Skill Development — 27 November 2013

Punya on a work technique she has been using recently.

A few weeks ago we had dinner with Ajara and Jalal. The boys were talking across the table with each other about I do not know what and we girls about girly things: about computers and programmes, of course. (This was also the topic of the lunch conversations with Jeevan, when we were both living in Pune.)

Ajara, more of an expert in such matters being a teacher for web design in German colleges, I was mostly at the receiving end. Apart from some interesting information about other content management systems (rather than my favourite WordPress) what stuck the most, and what I have started implementing the following day, was the ‘Pomodoro’.

tomato timer

Pomodoro is the Italian word for tomato, which when prepared for consumption is usually cut into slices. Unlike an apple, it is more of a messy business if you eat it whole. The poor tomato was also used because at some point in the distant past we had those kitchen timers in the form of a tomato. Remember?

The theory goes that you can eat the whole thing much easier when cut into pieces – and the same goes for any task. Francesco Cirillo penned his idea sometime in the late 80s in his book ‘The Pomodoro Technique‘.

I have not read the book as I am not good at following instructions (I rather try out things for myself, what we call ‘fiddling about’), but here is what Wikipedia says about it:

There are five basic steps to implement the technique:

Decide on the task to be done
Set the pomodoro timer to n minutes (traditionally 25)
Work on the task until the timer rings; record with an X (a cross)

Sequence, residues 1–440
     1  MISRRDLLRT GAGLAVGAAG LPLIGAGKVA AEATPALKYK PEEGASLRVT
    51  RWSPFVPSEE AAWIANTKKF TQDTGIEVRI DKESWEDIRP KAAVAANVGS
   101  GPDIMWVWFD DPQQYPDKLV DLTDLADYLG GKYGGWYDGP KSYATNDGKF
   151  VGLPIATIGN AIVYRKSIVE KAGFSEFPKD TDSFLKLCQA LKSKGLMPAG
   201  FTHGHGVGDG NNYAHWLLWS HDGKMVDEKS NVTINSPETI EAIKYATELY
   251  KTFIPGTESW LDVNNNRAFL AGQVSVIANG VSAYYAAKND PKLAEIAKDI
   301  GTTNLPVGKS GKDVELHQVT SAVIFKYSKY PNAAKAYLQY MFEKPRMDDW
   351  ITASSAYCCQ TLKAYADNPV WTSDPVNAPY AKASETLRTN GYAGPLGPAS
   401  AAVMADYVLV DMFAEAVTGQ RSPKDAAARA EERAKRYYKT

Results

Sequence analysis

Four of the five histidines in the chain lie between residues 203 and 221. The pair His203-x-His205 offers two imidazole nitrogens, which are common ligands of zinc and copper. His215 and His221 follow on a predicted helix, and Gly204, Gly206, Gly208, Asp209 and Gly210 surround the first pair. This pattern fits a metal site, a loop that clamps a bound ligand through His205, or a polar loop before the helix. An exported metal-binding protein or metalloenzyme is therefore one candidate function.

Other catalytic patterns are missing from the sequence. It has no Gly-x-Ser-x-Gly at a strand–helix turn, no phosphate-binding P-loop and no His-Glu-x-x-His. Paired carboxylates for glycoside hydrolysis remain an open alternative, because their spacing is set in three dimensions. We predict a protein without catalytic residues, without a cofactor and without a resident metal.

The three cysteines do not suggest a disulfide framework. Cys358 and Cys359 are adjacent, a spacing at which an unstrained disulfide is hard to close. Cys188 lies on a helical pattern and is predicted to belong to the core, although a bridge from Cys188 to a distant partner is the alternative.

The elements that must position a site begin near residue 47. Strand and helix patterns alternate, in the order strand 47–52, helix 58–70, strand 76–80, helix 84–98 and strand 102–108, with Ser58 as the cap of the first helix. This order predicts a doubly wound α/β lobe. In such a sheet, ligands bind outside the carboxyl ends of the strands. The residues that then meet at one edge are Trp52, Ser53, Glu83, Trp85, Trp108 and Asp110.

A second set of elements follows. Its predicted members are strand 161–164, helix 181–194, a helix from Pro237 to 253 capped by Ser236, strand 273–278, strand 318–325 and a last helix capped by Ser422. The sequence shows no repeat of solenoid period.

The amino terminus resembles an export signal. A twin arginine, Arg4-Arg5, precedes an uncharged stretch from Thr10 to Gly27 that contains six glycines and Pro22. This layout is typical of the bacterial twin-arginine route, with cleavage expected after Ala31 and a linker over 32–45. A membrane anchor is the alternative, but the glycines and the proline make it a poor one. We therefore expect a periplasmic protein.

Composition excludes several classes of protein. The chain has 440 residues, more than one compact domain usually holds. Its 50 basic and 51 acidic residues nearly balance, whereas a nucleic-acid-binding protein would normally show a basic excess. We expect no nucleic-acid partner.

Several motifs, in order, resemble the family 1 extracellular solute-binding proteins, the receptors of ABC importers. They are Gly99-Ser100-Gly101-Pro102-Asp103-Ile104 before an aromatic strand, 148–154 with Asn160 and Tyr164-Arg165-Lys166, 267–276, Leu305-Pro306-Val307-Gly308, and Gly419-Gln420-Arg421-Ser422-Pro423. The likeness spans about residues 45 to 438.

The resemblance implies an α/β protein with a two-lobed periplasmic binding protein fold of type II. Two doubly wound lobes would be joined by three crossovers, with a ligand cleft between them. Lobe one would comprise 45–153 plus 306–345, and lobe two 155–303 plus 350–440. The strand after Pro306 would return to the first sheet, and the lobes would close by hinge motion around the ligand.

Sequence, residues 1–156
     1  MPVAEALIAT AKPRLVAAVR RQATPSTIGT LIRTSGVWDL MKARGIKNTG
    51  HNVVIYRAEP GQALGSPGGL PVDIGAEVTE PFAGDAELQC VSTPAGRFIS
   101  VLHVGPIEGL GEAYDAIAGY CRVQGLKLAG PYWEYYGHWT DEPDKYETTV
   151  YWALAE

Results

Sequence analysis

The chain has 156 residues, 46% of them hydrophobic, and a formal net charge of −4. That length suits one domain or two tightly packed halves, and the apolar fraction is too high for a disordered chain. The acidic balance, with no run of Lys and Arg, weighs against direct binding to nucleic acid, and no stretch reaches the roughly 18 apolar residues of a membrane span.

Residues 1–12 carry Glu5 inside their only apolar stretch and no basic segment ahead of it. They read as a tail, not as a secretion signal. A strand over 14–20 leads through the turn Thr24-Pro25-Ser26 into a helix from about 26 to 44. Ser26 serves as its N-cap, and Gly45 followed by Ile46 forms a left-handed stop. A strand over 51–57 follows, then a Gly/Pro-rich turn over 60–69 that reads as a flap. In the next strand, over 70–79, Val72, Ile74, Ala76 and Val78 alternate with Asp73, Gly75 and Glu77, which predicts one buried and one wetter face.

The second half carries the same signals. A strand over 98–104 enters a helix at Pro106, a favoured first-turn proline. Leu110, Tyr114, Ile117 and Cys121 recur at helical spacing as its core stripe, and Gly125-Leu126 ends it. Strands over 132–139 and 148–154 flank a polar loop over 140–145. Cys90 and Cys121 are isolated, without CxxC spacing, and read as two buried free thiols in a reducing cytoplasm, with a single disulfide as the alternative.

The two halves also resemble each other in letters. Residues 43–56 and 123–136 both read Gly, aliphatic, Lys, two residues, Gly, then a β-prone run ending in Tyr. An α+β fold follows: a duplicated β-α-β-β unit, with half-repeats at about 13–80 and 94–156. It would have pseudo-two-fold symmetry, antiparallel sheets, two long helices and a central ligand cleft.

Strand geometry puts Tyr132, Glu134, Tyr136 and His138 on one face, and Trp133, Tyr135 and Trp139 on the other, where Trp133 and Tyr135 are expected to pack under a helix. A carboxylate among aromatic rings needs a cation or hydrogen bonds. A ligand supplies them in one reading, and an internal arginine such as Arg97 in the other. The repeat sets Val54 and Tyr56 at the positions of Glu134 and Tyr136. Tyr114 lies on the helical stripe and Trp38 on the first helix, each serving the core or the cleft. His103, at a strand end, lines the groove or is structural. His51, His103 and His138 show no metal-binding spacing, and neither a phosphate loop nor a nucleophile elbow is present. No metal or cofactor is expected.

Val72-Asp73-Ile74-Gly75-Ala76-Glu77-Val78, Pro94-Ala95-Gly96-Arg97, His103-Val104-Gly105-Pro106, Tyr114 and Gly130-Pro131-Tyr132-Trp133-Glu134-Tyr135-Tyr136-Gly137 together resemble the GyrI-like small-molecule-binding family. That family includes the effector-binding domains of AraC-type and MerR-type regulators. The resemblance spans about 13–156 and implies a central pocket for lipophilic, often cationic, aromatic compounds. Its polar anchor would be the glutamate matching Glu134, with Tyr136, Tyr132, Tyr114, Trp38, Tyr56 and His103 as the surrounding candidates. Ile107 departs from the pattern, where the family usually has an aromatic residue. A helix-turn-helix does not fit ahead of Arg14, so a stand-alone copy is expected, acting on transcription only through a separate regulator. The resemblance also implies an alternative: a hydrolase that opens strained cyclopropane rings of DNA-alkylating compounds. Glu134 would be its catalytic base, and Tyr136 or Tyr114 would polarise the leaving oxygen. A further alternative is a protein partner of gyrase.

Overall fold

Take a short break (3-5 minutes)
Every four ‘pomodori’ take a longer break (15–30 minutes)

Without knowing much about it I trustfully followed Ajara’s suggestion and downloaded the free application TeamViz (no more winding up of tomatoes and marking with crosses in this millennium), ‘fiddled’ with it for a bit and then started using it. I imagine there could be many improvements done to it, but it would make it more complicated. The way it is, is just fine.

What has this Pomodoro changed in my life? First of all I get to get up from my square ass every 25 minutes. I spend the short breaks to drink my hot cup of tea more meditatively (instead of slurping it down while cold and typing one thing or other), have a spin on my new-to-me home trainer, put on some dance music, do a small chore in the household I have been postponing for weeks – in short – I take a break from what I am doing, and this in the middle of a sentence. When I am on the phone with a client I cannot just stop the conversation: I get up from the chair and walk about the room as far as the chord of the headphones will let me, do some stretching and twisting, while avoiding any panting….

I do not expect to have any eureka moments with brilliant ideas, but the mind and the eyes get a little break from what they have been doing and after the break the job seems more fun to go on with. Also, my circulation gets a change, so no more cold feet in winter, I hope.

It also gives me the opportunity first thing in the morning to decide on what kind of projects I want to work on. I even make slots like ‘reply to my private emails’, a task I usually relegate to the end of the day where not much juice is left for a good ‘exchange of energy’.

As I am a bit of a doodler, I sometimes spend too much time tweaking a simple photo, and the ticking of the clock (which you can switch off) or the movement of the clock helps me stay with the task and finish it off a bit quicker. And at the end of the day you can close your laptop looking at your score and tell yourself: “I can now watch ‘Downton Abbey’ with a good conscience, I have done my daily lot!”

So this was now three pomodori – as I am a bit of a slow writer…

Punya, Osho News